Erasure’s Andy Bell to celebrate Gaybor Days 2010 on July 4
Taking a hiatus from Erasure, front man Andy Bell has released his second solo album, aptly named Non-Stop. At 46 and with a 25-year career behind him, he’s shown no signs of slowing down.
Bell will promote his latest endeavor and make a few personal appearances, including a stop at The Honey Pot in Tampa on July 4 during the Third Annual GaYbor Days celebration.
Still very much a part of Erasure, Bell assures us there will be a new album, scheduled for November, and a tour to follow.
“I love being with Erasure,” Bell says. “But I felt I needed to shake the cobwebs off and spread my wings a bit.”
His solo album provided a liberating platform for his more clubby, nocturnal, disco-glam side. Co-produced by Goldfrapp’s Pascal Gabriel, Non-Stop is a lavish, glam-pop collection of exquisite dance floor confessionals from one of the most acclaimed and beloved singers in British pop. Bell also collaborated with Perry Farrell of Jane’s Addiction, whom he met during the True Colors Tour.
Despite his extensive and successful career, Bell has faced a bit of ageism in the UK. A couple of the songs on Non-Stop were released recently as singles under the name Mimó.
“That was the record company’s idea,” Bell says. “They wanted to see if we could catch radio play on its own merits, which did happen. But once they found out it was me, my age became an issue. For some reason, if you’re over 40, you’re not deemed in the demographic for Radio 1, which plays dance music and is a lot of young people.
“But the issue is that my music isn’t middle-of-the-road enough for Radio 2. Daniel Miller, the boss of Mute Records, says once you’re over 50, you’re fine. But right now I’m at that difficult age.”
Even though Andy Bell’s first solo album, 2005’s Electric Blue, was well-received, he wanted to release another album because he felt the first really didn’t send the message he tried to convey.
“It was a bit rushed. I didn’t know I was going to do it,” Bell explains. “What started out as just an EP ended up being a whole album.”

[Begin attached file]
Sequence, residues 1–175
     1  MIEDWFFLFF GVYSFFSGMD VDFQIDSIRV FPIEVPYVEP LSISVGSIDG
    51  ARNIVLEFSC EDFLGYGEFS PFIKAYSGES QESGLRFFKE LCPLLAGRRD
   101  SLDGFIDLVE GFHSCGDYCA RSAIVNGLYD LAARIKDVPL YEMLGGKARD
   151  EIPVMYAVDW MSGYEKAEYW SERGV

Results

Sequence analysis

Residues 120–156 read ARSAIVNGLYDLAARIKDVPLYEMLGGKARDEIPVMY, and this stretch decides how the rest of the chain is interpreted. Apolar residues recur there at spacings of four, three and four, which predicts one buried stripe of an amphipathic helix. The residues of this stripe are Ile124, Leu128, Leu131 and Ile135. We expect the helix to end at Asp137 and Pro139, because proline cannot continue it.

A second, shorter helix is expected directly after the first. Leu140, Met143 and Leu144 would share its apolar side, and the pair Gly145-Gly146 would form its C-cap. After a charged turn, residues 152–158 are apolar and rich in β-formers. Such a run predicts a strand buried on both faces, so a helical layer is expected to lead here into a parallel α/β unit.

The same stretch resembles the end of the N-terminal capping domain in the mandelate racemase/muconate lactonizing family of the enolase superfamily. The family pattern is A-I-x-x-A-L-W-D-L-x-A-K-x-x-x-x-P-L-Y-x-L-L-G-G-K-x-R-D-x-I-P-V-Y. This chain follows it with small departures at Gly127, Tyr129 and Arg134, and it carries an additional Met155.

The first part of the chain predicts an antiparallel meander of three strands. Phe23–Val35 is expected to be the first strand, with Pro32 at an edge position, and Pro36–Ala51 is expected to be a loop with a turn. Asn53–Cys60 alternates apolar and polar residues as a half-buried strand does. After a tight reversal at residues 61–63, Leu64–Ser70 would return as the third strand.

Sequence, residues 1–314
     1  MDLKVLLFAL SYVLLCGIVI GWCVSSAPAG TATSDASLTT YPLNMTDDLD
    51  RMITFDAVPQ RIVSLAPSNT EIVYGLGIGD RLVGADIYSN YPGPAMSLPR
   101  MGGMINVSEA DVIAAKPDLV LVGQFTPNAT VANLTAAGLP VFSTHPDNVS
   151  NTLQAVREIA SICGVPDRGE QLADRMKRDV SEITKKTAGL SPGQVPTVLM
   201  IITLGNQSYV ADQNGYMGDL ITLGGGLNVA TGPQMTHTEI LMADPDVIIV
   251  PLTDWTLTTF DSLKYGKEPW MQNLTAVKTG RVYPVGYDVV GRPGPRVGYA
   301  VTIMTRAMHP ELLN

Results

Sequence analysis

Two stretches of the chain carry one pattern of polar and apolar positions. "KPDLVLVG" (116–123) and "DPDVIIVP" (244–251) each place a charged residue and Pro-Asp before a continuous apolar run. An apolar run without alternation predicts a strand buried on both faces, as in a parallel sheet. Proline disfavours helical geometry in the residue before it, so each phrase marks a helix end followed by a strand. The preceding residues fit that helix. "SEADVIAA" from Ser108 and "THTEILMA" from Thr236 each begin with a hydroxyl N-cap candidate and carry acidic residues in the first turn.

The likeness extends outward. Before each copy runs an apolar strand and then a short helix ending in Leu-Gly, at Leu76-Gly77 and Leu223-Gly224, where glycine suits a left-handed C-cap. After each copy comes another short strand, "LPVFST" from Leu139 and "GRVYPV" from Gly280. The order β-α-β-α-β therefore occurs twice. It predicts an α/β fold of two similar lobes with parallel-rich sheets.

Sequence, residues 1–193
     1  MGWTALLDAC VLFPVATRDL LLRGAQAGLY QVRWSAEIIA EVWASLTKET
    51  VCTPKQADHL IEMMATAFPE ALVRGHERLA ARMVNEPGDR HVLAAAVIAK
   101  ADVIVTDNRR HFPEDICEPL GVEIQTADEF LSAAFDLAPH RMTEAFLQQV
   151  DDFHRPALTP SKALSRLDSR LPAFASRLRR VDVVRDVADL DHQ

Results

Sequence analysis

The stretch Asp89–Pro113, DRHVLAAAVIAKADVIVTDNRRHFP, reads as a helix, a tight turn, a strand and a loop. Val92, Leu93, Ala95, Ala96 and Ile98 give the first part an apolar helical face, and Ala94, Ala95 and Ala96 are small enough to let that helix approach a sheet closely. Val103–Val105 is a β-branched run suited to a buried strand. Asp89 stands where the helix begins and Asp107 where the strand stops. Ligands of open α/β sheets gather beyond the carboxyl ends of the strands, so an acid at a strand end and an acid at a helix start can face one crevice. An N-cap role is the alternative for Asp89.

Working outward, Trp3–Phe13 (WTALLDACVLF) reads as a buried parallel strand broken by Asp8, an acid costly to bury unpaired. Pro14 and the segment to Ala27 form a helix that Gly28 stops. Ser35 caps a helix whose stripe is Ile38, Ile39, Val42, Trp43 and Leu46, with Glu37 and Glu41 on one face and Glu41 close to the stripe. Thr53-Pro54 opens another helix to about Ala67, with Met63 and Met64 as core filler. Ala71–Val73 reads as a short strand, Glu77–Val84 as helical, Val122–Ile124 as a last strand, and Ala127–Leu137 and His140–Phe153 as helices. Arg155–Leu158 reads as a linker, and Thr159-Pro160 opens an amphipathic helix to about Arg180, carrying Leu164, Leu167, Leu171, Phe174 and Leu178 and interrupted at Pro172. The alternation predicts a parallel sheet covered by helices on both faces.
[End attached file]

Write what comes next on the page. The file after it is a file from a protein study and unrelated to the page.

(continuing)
Non-Stop infuses facets from Bell’s life, experiences with the media and even his love of Debbie Harry. While writing the song “DHDQ” (Debbie Harry Drag Queen), he drew inspiration from “the Queen of the underground scene in New York,” as he refers to her.
“It wasn’t initially going to be about Debbie Harry,” Bell states. “I know she’s not a drag queen but the melody was just so Blondie-ish, that the first words that came to mind were, ‘I love the way that you do your hair, it’s so beautiful’ and then the rest just followed.”
Although excited and relieved about the completion of his second solo piece, Bell says it wasn’t easy. It took a few years and two sets of tracks. His first set of songs, co-written by Steven Hague, with whom he had worked on The Innocents, were seen by the executives of his record label as too similar to Erasure. Luckily, his long-time partner and collaborator, Vince Clark, supported and inspired him throughout his journey.
“He’s been so sweet. When I got down in the dumps, especially about the first set not working out with Steven, Vince would say, ‘Don’t worry, Andy. You’re a true artist. I believe in what you’re doing,’” Bell recalls.